Sri Lanka sweetens its offerings of fruits, vegetables for export (en)
On any given day, rain or shine, Ruwan Hemage tends to his farm in Loluwagoda, Sri Lanka, about 70 kilometres outside the capital city of Colombo.
Hemage, his wife and two hired workers cultivate a variety of crops on the six-hectare farm including coconuts, bananas, papayas and ginger. The main focus, however, is on pineapples, which are intercropped with or grown in close proximity to coconuts to produce a greater yield on the land. About 90% of the pineapples are exported to the Middle East.
As a farmer who sells fresh pineapples – prices for which constantly fluctuate on the world market – Hemage must negotiate the best deal for his produce. Sri Lankan producers of pineapples have received anywhere from US$ 100 to US$ 503.3 per ton since 1991, according to the Food and Agriculture Organization.
‘It’s about finding the right buyer with the right price,’ Hemage says. ‘Some person asks me to sell pineapples at 50 Sri Lankan rupees (US$ 0.34) per kilogram, but there is a possibility in the market to sell at 70 rupees (US$ 0.48). So find the person who buys at 70 rupees and keep the relationship in the long term – that is the challenge.’
Higher-quality goods always fetch the best prices. Through the International Trade Centre (ITC) project on Improving Safety and Quality of Fruits and Vegetables in Sri Lanka, funded by the Standards and Trade Development Facility (STDF), 560 farmers including Hemage received instruction from master trainers and extension officers on growing fruits and vegetables that better meet international requirements. They visited farms certified by GLOBALG.A.P. – the non-governmental organization that sets voluntary standards for the certification of agricultural goods around the world – to learn good agricultural practices, such as the minimal use of pesticides and fungicides.
‘We trained them on a variety of things, whether it’s to do with the use of fertilizers, chemicals, hygiene, health or safety, and on how to bring a quality product to the marketplace that is acceptable for export,’ says Suresh Ellawala, director of Ellawala Horticulture, a farming business that uses modern technology and methods to grow mangoes. His farm became the first in the country to be GLOBALG.A.P.-certified a few years ago.CERTIFICATION BENEFITS
GLOBALG.A.P. certification covers food safety and traceability; environment; workers’ health, safety and welfare; animal welfare; and integrated crop management, integrated pest control, quality management systems and hazard analysis, and critical control points.
‘The certification has certainly helped us in more ways than one,’ he says. ‘It has trained our workers, it’s brought quality at a holistic level, we’ve taken better care of our staff, they’ve taken better care of the product, and that in turn gives a lot of confidence to our consumers. And today, consumers are looking for a product that is safe and certified.’
Hemage and other farmers, extension officers and exporters selected for their high performance also participated in study tours to Thailand and Italy to learn best practices in cultivation and post-harvest care and to understand market requirements.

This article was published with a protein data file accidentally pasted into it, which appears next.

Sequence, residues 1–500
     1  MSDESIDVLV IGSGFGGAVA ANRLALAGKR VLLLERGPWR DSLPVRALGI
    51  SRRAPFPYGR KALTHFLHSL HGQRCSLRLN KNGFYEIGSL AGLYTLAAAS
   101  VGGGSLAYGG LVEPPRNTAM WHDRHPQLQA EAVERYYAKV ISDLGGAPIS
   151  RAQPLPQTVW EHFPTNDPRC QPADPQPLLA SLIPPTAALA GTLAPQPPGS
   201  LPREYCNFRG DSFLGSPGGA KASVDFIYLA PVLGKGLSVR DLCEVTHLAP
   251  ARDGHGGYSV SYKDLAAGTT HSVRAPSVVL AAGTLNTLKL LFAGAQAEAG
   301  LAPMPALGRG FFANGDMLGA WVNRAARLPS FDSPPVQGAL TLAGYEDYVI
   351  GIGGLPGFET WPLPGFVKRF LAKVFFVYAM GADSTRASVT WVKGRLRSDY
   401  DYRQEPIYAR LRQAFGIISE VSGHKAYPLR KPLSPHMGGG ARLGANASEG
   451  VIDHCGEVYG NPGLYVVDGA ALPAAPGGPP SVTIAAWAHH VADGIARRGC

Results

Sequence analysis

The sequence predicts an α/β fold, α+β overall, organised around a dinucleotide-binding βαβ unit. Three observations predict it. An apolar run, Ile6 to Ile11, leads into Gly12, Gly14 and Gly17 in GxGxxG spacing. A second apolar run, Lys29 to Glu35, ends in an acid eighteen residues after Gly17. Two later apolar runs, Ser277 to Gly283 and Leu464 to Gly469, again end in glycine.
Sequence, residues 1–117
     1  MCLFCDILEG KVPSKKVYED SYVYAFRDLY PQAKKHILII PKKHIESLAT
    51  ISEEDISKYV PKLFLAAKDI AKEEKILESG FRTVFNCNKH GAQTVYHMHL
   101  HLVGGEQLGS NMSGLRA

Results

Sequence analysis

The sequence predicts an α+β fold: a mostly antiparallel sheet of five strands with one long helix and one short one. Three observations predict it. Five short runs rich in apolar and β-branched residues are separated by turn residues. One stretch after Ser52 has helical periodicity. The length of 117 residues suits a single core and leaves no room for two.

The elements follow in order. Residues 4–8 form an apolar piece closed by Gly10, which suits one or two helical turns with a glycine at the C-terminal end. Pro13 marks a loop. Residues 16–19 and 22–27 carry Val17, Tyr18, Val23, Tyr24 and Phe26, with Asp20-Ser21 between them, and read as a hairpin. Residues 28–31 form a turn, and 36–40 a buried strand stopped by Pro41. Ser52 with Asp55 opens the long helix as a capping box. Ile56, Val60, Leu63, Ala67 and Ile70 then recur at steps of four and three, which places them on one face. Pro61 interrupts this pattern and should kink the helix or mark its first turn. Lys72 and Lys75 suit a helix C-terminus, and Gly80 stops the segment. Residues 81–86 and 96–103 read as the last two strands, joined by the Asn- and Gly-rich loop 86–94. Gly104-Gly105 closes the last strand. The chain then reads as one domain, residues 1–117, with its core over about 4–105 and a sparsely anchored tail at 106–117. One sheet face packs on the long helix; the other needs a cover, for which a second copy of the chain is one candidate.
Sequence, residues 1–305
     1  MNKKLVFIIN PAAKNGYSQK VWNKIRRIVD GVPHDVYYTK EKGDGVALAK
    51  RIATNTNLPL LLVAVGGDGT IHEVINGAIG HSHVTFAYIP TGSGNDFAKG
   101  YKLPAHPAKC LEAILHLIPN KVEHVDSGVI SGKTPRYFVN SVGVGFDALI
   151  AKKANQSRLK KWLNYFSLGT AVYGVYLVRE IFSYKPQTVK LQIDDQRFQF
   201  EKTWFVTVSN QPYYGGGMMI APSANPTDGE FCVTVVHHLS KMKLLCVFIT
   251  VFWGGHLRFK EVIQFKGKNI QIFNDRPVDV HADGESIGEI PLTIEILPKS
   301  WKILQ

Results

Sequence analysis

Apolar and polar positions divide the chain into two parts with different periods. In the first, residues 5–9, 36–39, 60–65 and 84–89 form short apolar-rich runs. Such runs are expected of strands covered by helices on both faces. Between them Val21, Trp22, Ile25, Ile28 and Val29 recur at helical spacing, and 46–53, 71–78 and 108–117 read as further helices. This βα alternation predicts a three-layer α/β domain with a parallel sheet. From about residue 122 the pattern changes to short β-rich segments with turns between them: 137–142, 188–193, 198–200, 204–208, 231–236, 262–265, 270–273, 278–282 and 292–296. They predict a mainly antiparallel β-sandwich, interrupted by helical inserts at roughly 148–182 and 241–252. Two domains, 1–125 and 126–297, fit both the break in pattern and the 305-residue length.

‘We never used post-harvest techniques here, only at a minimum,’ says Hemage. ‘But in Thailand we learned about very easy and appropriate utensils and technologies that we can apply in Sri Lanka, which are also suitable for women workers.’
The fruits of these efforts to train hundreds of farmers, exporters, officers and inspectors of the plant quarantine department and the extension and training division of the Department of Agriculture are beginning to show following the launch of the ITC project in 2013.IMPROVING STANDARDS
Annes Junaid, chairman of the Lanka Fruit and Vegetable Producers, Processors and Exporters Association, represents workers in the fruits and vegetables sector. ‘We have seen the quality of the fruits and vegetables that farmers grow raised to a certain standard and quality,’ he says. ‘And especially the use of certain pesticides, weedicides and fungicides has been highly controlled. Phytosanitary methods have also been part of the training of this project, which has helped our farmers to improve their quality standards.’
The project has also increased business opportunities and communication between participants, says Ludovica Ghizzoni, ITC adviser on export quality management.
‘Through the project, we’ve been able to build a firm foundation based on publicprivate collaboration involving farmers, processors, exporters, government officials and buyers,’ says Ghizzoni, who’s also STDF Sri Lanka project manager. ‘Stakeholders of the fruits and vegetables sector in Sri Lanka now value the need to partner and act together to address safety and quality-related issues for the benefit of all.’
As for Hemage, he is looking to increase cultivation and production on his farm, in particular for pineapple plants, and to sell more of his goods abroad.
‘After joining this project my way of thinking has expanded,’ he says. ‘So I will try to support the establishment of a farmers’ association and find a good-quality buyer to tie to the export market, to improve linkages and to build a long-term relationship, not only for short-term benefits. This has helped to widen my eyes.’